Fuggetta, Cefriel: "Cybersecurity is not a product to buy"

In Italy + 58% of compromised servers in the two-year period 2020-2021. The IT Innovation Center has produced a white paper for companies and PAs that outlines the strategy to face the emergency by leveraging skills, technologies and processes 19 May 2022

Faced with a cybersecurity alarm for Italy (+58% servers attacked in our country according to the latest Clusit report) the key is the sustainability of cybersecurity in terms of technologies, processes, people and skills. A guideline for organizations is offered by Cefriel, the Italian Digital Innovation Center founded by the Politecnico di Milano, in the new white paper "Sustainable cybersecurity: how to make cybersecurity sustainable over time", edited by Massimiliano Colombo, Enrico Frumento, Andrea Guerini and Mauro Lomazzi. The study aims to provide organizations with the essential scenario elements and propose a strategic line, the Sustainable cybersecurity playbook, as a set of best practices and methodologies that guide companies and PAs on a case-by-case basis in reducing cyber risk. "Cybersecurity is not a product to be purchased, but a process that involves numerous business areas and no longer just the specific area of Information Security," explains Alfonso Fuggetta, CEO and scientific director of the Cefriel digital innovation center. It is not, therefore, simply a matter of acquiring and making operational a defense IT tool, but of balancing security with the real operational capacity of companies and PAs; skills that emerge from factors of time, staff preparation, resources and technologies available". Index of topics • Cyber incidents: +33% worldwide from 2020 to 2021 • Targeted attacks. In Italy +58% of compromised servers • The TCO of cybersecurity between strategies, technology and skills • Cefriel's Sustainable Cybersecurity Playbook Cyber incidents: +33% worldwide from 2020 to 2021 According to the Threat Intelligence Index Report 2022, published by IBM X-Force, there has been a 33% increase in the number of incidents related to cybersecurity flaws from 2020 to 2021, in ways that demonstrate how cyber criminals have reached new heights of sophistication and are able to network with organized crime. Attacks can affect anyone, from large multinationals to small businesses to public administrations, on any device.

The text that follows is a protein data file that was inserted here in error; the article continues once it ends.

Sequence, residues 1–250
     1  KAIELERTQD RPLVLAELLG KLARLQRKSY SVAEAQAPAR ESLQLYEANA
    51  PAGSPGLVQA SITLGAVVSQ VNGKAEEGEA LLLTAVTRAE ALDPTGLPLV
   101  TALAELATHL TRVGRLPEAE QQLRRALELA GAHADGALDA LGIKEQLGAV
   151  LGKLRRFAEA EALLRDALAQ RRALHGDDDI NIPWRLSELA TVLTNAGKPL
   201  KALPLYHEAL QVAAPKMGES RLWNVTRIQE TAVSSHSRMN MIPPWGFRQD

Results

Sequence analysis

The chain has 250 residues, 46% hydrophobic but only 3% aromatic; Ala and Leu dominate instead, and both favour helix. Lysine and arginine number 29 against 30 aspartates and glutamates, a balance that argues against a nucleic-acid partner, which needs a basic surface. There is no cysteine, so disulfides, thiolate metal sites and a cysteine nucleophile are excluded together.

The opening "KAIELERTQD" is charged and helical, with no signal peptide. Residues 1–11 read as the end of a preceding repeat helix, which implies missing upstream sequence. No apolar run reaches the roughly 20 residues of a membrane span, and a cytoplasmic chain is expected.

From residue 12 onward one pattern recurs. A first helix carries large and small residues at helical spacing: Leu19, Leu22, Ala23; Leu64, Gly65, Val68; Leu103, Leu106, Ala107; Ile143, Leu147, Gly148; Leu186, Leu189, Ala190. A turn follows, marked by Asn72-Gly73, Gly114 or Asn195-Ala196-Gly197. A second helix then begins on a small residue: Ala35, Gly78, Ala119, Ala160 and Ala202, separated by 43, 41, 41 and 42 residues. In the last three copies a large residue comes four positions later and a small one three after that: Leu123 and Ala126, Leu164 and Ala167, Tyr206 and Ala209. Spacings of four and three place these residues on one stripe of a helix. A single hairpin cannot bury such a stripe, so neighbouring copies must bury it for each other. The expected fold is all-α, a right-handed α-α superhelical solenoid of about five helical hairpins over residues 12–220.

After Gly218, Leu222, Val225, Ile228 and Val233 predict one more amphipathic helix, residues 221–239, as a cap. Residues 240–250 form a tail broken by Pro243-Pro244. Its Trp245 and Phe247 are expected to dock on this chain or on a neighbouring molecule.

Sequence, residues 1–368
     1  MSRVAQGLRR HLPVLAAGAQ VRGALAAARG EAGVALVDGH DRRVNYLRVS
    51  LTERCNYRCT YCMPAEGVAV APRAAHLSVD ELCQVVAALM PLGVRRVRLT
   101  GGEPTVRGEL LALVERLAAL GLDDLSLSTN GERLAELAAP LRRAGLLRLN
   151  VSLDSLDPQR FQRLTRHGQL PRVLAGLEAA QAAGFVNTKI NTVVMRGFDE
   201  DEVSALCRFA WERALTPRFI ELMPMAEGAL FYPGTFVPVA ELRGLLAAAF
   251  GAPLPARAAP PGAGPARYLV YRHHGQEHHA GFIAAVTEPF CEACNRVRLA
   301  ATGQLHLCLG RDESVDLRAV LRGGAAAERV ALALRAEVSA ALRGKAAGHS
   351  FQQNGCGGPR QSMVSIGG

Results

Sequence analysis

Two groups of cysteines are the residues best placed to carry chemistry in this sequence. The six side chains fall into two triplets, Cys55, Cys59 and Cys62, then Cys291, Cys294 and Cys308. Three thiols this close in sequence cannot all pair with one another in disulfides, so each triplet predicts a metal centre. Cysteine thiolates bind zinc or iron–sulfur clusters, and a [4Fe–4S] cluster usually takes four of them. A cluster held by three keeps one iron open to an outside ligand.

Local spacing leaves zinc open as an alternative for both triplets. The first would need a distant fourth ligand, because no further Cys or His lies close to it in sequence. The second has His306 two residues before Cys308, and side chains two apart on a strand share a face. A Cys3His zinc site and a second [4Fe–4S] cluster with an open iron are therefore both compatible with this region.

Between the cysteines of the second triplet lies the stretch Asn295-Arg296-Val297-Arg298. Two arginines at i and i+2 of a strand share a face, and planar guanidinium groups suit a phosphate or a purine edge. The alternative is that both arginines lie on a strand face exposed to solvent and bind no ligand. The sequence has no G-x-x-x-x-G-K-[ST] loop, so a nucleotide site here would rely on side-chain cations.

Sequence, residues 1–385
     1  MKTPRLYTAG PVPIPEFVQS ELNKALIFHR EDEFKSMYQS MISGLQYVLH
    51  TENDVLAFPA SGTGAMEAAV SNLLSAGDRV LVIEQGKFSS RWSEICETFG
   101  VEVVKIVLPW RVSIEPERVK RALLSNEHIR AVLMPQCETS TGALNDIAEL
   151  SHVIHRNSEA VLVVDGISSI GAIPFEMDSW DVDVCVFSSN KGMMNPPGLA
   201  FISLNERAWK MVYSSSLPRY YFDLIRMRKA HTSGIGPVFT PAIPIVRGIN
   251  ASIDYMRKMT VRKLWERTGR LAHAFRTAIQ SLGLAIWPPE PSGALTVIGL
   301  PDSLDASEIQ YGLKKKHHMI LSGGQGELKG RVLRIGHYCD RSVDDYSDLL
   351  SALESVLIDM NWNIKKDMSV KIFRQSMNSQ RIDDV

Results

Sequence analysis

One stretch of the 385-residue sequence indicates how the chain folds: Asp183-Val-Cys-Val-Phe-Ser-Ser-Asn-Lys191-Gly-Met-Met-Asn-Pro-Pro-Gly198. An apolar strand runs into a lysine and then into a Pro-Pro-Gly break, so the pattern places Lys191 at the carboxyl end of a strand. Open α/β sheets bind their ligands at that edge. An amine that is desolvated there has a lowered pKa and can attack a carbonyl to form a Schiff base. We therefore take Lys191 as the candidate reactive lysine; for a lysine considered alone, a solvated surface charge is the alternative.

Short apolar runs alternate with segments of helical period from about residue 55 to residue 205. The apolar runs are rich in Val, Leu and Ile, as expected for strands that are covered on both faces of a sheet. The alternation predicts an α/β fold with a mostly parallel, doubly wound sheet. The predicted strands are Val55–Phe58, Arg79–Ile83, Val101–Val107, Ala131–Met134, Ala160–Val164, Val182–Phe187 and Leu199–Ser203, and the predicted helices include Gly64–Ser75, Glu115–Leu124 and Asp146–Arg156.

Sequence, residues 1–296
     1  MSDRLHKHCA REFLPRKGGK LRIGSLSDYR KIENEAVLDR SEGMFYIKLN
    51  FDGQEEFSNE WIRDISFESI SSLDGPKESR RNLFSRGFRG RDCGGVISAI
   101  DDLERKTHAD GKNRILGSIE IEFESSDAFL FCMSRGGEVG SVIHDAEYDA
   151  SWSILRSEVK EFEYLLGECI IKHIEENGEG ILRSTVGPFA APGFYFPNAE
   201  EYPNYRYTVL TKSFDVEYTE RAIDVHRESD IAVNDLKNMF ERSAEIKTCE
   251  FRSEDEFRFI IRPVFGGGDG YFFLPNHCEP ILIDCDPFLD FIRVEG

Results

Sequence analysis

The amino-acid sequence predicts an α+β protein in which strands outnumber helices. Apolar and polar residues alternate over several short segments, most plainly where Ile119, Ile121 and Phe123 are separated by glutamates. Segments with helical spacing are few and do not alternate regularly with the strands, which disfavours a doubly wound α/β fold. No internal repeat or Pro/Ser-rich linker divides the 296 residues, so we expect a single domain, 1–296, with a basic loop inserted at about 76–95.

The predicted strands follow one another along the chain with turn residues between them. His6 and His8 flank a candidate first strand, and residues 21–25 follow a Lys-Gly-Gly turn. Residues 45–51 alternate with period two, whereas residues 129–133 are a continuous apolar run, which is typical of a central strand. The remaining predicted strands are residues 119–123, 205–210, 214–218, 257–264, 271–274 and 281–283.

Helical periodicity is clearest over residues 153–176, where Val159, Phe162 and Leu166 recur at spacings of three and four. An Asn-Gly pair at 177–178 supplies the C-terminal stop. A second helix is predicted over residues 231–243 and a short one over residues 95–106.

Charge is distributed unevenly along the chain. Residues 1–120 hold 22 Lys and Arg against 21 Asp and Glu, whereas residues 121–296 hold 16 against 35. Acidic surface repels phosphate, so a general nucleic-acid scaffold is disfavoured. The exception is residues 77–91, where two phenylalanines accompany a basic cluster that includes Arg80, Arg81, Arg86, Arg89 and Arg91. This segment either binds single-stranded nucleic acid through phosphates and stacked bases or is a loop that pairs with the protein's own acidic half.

Two recent events have helped to change the terms of reference in the cybersecurity landscape: on the one hand the Covid-19 pandemic, which has seen an increase in vulnerable targets such as workers in smart working, and on the other the Russian-Ukrainian conflict, which has also impacted on the international collaboration of police forces. With the acceleration of the digital transformation agenda of companies and public administrations, the techniques, tactics and procedures (TTP) used by cyber crime have also been refined. Targeted attacks. In Italy +58% of compromised servers According to the Clusit report, while the majority of attacks occur in the United States (45%), cases in Europe and Asia are the fastest growing. Our continent has gone from 16% in 2020 to 21% in 2021. We are not only talking about the quantity, but also the severity of the attacks: 79% of these had a high impact in 2021, compared to 50% the previous year. And while in past years "multiple targets" were predominantly targeted – multiple targets hit in an undifferentiated manner – now the targets are very precise, with a strong growth in attacks on government/military targets and the IT sector in second place. In Italy, in particular, the growth of malware and botnets is observed, with compromised servers increasing by 58%. Mobile does not escape, with malware that is distributed through phishing links shared through SMS or messaging apps. In Italy, the sectors most affected are Finance/insurance and public administration, which account for about 50% of cases. Next comes the industry, which presented the most significant increase, from 7 to 18% in a year. The TCO of cybersecurity between strategies, technology and skills Organizations have to act on three different fronts: continuous security, i.e. the identification of threats, old and new, and the limitation of risks related to the adoption of new technologies; the sustainable reduction of risks and the containment of residual risk below a tolerance threshold; the promotion of cyber culture with the dissemination of "Key Facts" " of cybersecurity to non-specialists. So how can you optimize your resources to respond to these challenges in a sustainable way? Cybersecurity is sustainable, Cefriel points out, if it is possible to balance the security measures and processes related to the real operational capabilities of the organization, dependent on the preparation of personnel and on the resources and technologies available. The sustainability of cybersecurity requires a holistic vision with respect to all its dimensions which, although apparently heterogeneous, are linked by the concept of Total cost of ownership of cybersecurity, a model that provides processes adapted to needs, organizational rationalization, management and integration of human resources, enhancement and acquisition of skills, reasoned allocation of resources. Cefriel's Sustainable Cybersecurity Playbook According to Cefriel, the overall strategic vision is to be preferred to the pursuit of individual objectives in the short term. To respond to these needs, the institute has systematized its experience within the Sustainable cybersecurity playbook, a set of best practices and methodologies that guide companies and PAs on a case-by-case basis in reducing cyber risk. Cybersecurity processes are divided into three macro-actions: • Enable, accompany and accelerate the digital innovation processes of companies and public administrations with the implementation of customized techniques to maintain business integrity, built around existing processes. • Promote the growth of companies and their human capital through the sharing and transfer of interdisciplinary skills, thus protecting themselves at different levels. • Make innovation a concrete and repeatable process, which produces a valuable and continuous impact over time. Cybercrime shows increasing levels of complexity and aggression, requiring organizations to be farsighted and insighted. For this reason, a reactive approach is not only practicable, but the development of an overall strategy and constant monitoring of processes is vital. At the same time, models and best practices must be tailored to different organizational contexts, to maximize results, minimize losses and risks and optimize resources. Cefriel tackles this issue by focusing on three distinctive elements: its authority as an institution with a non-profit institutional constitution, the close connection between innovation and research and interdisciplinarity, the result of the synergy between skills and experiences.